The colour revolution had already erupted in South Africa, Mantashe suggested, as elements of it “are visible in the protests we have seen in recent times. For example, Marikana, #FeesMustFall, and #ZumaMustFall movement.
“The programme [of Colour Revolution] seeks to guarantee the West access to the natural resources the developing countries are endowed with, and also have those countries as their markets.
“This is not a new phenomenon in southern Africa where it appeared in 1983. Robert Cooper, who was a Foreign Affairs adviser to Tony Blair, outlined the rules as: ‘The challenge to the postmodern world is to get used to the idea of double standards. Among ourselves (West), we operate on the basis of laws and open co-operative security. But when dealing with more old-fashioned kinds of states outside the postmodern continent of Europe, we need to revert to the rougher methods of an earlier era-force, pre-emptive attack, deception and whatever is necessary to deal with those who still live in the nineteenth Century world of every state for itself. Among ourselves we keep the law, but when we are operating in the jungle, we must use the law of the jungle’.”
On its face, this is a pretty Machiavellian view of the world and one which Mantashe might rightly seem to be warning southern African about. But, as usual, context is critical and this quote has clearly been taken out of context. It is an extract from an essay Cooper wrote in 2002- not 1983- called The New Liberal Imperialism. That too, is not a title that would naturally endear itself to the ANC, containing, as it does, two (or possibly three) of the dirtiest words in its vocabulary.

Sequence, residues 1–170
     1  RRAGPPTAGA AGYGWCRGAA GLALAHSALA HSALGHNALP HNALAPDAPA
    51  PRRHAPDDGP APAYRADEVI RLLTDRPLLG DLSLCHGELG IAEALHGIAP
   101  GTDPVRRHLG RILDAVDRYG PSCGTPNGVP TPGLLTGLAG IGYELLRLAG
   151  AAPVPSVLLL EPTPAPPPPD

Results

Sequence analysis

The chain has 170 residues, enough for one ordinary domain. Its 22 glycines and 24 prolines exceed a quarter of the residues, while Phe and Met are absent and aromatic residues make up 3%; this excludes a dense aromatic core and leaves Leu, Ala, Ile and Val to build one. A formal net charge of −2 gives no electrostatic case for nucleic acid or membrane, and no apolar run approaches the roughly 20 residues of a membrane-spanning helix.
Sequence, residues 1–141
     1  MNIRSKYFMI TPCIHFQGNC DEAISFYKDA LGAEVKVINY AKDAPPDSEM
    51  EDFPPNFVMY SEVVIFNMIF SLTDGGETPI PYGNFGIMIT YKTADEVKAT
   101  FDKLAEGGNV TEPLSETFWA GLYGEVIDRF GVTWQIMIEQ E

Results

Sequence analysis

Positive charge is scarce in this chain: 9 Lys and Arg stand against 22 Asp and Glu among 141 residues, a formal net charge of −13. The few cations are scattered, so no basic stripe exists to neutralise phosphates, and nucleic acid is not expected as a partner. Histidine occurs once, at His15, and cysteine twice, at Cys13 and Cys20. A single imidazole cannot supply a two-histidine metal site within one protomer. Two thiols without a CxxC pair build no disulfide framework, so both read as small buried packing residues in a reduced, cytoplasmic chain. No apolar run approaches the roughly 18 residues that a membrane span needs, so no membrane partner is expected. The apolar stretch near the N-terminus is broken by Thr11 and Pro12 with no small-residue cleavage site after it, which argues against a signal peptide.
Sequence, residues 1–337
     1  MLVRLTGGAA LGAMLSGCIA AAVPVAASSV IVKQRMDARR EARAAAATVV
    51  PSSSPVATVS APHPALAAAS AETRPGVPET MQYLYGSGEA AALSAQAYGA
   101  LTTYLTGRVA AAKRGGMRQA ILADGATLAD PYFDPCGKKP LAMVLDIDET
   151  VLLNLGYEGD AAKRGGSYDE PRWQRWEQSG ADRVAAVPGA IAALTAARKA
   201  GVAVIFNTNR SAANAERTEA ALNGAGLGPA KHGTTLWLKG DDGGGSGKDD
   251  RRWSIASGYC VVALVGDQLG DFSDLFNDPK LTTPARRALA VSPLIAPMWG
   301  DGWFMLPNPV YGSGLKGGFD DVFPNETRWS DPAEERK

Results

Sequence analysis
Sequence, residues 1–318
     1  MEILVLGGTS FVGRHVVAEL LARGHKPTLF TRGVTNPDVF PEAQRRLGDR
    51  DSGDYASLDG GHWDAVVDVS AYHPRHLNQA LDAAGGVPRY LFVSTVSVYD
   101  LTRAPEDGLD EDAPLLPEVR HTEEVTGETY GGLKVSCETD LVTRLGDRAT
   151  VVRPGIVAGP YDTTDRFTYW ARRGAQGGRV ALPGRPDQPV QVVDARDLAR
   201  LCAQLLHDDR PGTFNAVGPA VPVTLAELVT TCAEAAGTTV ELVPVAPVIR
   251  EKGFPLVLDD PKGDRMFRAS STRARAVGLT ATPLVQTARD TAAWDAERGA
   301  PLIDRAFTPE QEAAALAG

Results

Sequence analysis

But it was by no means a word of advice to British Prime Minister Tony Blair to invade southern African states in order to seize their mineral wealth, as Mantashe would have us believe.
Cooper wrote it in the wake of the 9/11 terror attacks in the US, to try to help his government comprehend the new threats posed to itself and to Europe which those attacks had revealed.
Cooper said that Europe had become a “post-modern” order whose states had surrendered much of their sovereignty for the common good and no longer conducted warfare against each other. But he warned that it had therefore become complacent about its security and had become vulnerable to attack by “modern” states – i.e. “those who still live in the nineteenth Century world of every state for itself”.
As examples of these “traditional” modern states “who behave as states always have, following Machiavellian principles and raison d’ètat”, he gave India, Pakistan and China.